OPINION

Broadband Battles

Broadband experts gathered in Washington, D.C. this week to discuss the future of high-speed Internet access. Much of the talk centered on Texas, where a major battle recently took place between telecom companies and cable firms.

The focus of the war was a Texas bill that would have allowed telecom companies like SBC and Verizon to offer cable services to consumers over broadband without having to negotiate franchises with each municipality in the state. Instead, the bill would have allowed the telcos to negotiate and obtain a single statewide franchise, making it easier and faster to roll out their services. The cable companies, which do not welcome the competition, fought the bill and won.

Customers Lose

This win was a defeat for consumers and perhaps even for the cities that think they are better off wheeling and dealing with communications executives. Consumers often lack a choice of more than one cable provider and, as a result, prices have remained high and innovation slow. If new choices like Verizon’s Fios, a state-of-the-art fiber optic network, were allowed to roll out faster, that would change.

Kathryn Brown, Senior Vice President of Public Policy, Development and Corporate Responsibility at Verizon, showed a video in which the company pitches the idea of fast broadband service combined with cable television. The video also demonstrates new services such as the ability to teleconference with offsite family members while watching a television show.

SBC’s project Lightspeed offers similar functions, such as managing profiles offsite and allowing parents to block certain channels from children. This is a much better solution than the clunky and expensive V-chip government proposal that was being pushed a few years back as a way to protect kids. Meanwhile, it’s not just consumers that have lost in the Texas battle.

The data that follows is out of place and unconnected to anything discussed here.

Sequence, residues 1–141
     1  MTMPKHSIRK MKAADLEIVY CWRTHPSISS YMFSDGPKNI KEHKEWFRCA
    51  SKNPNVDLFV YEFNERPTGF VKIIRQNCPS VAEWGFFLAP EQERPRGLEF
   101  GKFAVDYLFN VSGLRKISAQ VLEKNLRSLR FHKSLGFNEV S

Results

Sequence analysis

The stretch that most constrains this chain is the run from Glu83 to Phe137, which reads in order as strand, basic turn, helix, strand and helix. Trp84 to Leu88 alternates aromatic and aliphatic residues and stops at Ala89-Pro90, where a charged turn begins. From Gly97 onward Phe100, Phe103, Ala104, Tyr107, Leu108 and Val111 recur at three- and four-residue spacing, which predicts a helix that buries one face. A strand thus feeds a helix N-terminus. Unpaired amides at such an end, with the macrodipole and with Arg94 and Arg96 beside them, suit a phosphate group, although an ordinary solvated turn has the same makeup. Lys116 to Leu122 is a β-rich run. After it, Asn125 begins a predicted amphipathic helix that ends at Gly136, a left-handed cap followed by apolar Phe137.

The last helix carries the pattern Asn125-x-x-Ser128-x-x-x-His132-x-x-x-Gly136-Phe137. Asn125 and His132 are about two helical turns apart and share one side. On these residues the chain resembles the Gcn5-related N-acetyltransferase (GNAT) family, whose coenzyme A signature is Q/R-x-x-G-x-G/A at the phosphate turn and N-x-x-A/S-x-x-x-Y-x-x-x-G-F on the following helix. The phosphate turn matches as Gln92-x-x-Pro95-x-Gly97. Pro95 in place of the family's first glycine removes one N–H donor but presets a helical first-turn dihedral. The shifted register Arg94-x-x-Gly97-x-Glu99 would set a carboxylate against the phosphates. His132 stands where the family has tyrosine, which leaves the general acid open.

City bureaucrats may have also missed a golden opportunity as a result of not looking far enough into the future. That is, although government representatives don’t want to lose the money and power they obtain through the franchise process, they may have gained more revenue and prestige by allowing the networks to be put in place.

Benefits To Reap

If companies like Verizon and SBC deploy their technology and grow, cities and states will reap tax receipts from the activity as well as from the new jobs that are created. And don’t forget the glamour factor.

Cities all over the country, including San Francisco, Philadelphia, and New York, are moving towards running their own broadband networks. They claim that such networks would facilitate economic activity and make the cities cooler places to live. The cities also argue that the private sector isn’t moving fast enough to deploy technology. The irony here should be evident.

Verizon and SBC are fighting hard to get their feet in the door because of the large market and the competition they face. And if regulators take advice from some of the Broadband Policy Summit’s participants, even more competition is on its way. Thomas Hazlett, a former FCC chief economist and longtime telecom scholar, discussed spectrum allocation.

Policy Reform

“If there was more spectrum, we’d have more mobile and fixed mobile competition,” he said. He’s right, and that’s probably the last thing the cable and telecom companies want to hear.

Indeed, it would be good for consumers and the economy if markets were opened up and freed of the restrictive legacy of government regulations — and this means treating all types of broadband providers in a similar manner. Although many failed to recognize it, that was a flaw in the Texas bill.

While the measure would have helped consumers by opening up the cable space to greater competition, it still allowed telecom and cable companies to be treated differently by government. In the long run, that’s not a good situation because it distorts the market, picking winners and losers through regulation instead of merit. A better solution would be a national policy that treats all broadband providers the same way, with a light regulatory touch.

Congress is currently out of session, but when representatives return they should make communications reform a priority. Technology has forced major changes in the marketplace and it’s time for public policy to follow suit.


Sonia Arrison, a TechNewsWorld columnist, is director of Technology Studies at the California-based Pacific Research Institute.


Leave a Comment

Please sign in to post or reply to a comment. New users create a free account.

CRM Buyer Channels